AI could usher in a $500 billion wave of growth that ignites India’s economy, according to The Indian Express. That spike could bring with it significant job growth—but only if talent transformation is prioritized throughout our industries.
India’s government has already laid the foundation for upskilling and reskilling the workforce to benefit from AI and automation with its Skill India initiative, vision to launch AI centers of excellence, and commitment to equip 625,000 IT professionals through its Digital India campaign.
Substantial government investment in the technology sector has helped propel India to fifth in the world for funding AI-focused startups, according to Mint. And we’ve already begun to identify skills that will equip India’s workforce with the greatest growth and resilience in the face of technological changes.
Businesses and industries that build on these foundations will likely benefit the most from AI and automation—not just in India, but on the global stage.
Recent research by ServiceNow and Pearson suggests that between now and 2027, 16.2 million full-time employees in India will need reskilling and upskilling due to AI’s influence on work across the country.
Nearly half of these jobs fall within the manufacturing and agriculture, forestry, and fishing industries—both of which involve substantial amounts of repetitive work that lends itself to automation.
At the same time, AI will create the need for as many as 4.7 million new technology-related jobs in India by 2027, across:
Manufacturing (902,000 new jobs)
Retail (677,300 new jobs)
Education (197,100 new jobs)
Finance and insurance (106,300 new jobs)
The most in-demand jobs will include application developers, data analysts, and platform owners.
AI also promises to augment numerous existing roles—assisting with repetitive tasks in a way that frees humans for greater productivity and creativity. This large-scale skill augmentation across diverse functions and sectors is expected to add the equivalent of 4.6 million full-time jobs of operational capacity to India’s economy over the next five years.
These industry shifts highlight the effect AI and automation can have on India’s growth, particularly in multiplying the productivity of workers and adding a large number of higher-value jobs to the economy.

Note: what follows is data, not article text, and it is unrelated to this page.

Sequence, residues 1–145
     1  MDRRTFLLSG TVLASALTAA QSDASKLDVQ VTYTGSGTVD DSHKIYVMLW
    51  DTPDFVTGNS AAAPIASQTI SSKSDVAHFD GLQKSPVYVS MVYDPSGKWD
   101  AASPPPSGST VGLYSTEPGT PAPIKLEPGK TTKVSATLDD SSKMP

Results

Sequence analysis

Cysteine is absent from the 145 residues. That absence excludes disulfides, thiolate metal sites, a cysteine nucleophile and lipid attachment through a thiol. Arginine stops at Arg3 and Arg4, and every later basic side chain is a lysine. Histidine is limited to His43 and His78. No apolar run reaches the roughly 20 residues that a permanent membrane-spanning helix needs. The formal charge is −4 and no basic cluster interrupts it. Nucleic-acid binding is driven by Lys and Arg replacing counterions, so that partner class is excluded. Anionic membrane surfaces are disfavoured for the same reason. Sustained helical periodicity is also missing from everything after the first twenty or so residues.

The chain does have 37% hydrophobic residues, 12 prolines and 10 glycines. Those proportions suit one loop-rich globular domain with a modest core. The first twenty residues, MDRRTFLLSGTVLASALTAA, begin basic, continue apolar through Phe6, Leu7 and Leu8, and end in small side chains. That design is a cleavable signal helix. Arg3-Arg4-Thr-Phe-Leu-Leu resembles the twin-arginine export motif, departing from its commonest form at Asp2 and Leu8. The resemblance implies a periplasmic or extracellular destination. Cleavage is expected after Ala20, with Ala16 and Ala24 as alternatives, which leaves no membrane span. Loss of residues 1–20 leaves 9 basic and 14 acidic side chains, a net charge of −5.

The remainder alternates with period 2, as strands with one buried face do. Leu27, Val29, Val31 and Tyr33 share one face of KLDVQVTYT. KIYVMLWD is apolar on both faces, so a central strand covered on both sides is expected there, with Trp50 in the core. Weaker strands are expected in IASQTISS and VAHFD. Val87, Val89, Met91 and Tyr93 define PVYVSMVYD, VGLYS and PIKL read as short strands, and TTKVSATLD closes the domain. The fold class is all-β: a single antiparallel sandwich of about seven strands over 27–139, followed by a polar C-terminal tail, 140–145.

They also demonstrate the need for significant upskilling and reskilling of India’s workforce—in the use of AI and automation technologies, as well as in disciplines that create value and innovation in ways AI and automation can’t.
For those in roles that are becoming increasingly automated, it will be important to hone existing skills that translate into more relevant fields or entirely new tech jobs. Programmers, for example, whose roles will be heavily augmented by AI, might benefit from skills in user experience, digital marketing, or low-code software development.
The opportunities for growth are large, but will India’s workforce be sufficiently equipped in time to take advantage of them? The answer will depend on the extent to which India’s business leaders and policymakers prioritize talent transformation.
Skill India Digital, a breakthrough initiative by the National Skill Development Corporation (NSDC), is driving efforts to skill, reskill, and upskill individuals. However, industry leaders must flip the script on their organizational priorities: from maintaining an efficient status quo to investing in ways for people to build future-relevant skills.
We already have the tools at our disposal to guide this talent transformation by identifying “jobs of best fit” for workers using research methodologies such as those developed by Pearson. These methodologies highlight transferable skills that workers in fields disrupted by AI and automation can employ in high-demand tech roles.
The research found that India’s fishery workers possess 64% of the skills typically required of help desk support agents using the ServiceNow platform. Identifying these skills overlaps can help uncover the shortest upskilling pathways from current to future roles.
It can also ensure higher chances of successful reskilling so that those who learn new skills are likely to translate their learnings into relevant employment.
At a macro level, these insights can guide more effective design of upskilling and reskilling programs in different regions of India. Skills pathways and recruitment for help desk agents, for example, might benefit from focusing on areas with a high concentration of fisheries.
India’s industry leaders would do well to make upskilling and reskilling a key focus for action in the years ahead. The demand and subsequent business case for skills already exists.
Bangalore has the highest demand for ServiceNow skills of any city in the world in 2023. Job postings in India requiring ServiceNow skills grew 39% in the past year, according to labor market data from Lightcast.1 RiseUp with ServiceNow can help workers gain the skills they need to move into a role using the ServiceNow platform.
Organizations that fill these demands with new skilling frameworks and training initiatives—while continually reassessing which skills are needed and where they can best be cultivated—will find themselves at significant competitive advantage.
Competing well is what India does best. We’re arguably the most competitive economy in the world, a trait that has driven our growth in recent history. Strategic upskilling at scale will be essential to maintaining that competitiveness in a future transformed by AI and automation.
Get more insights about the impact of AI and automation on tech skills.
1 Lightcast Global, India Job posting, August 2023
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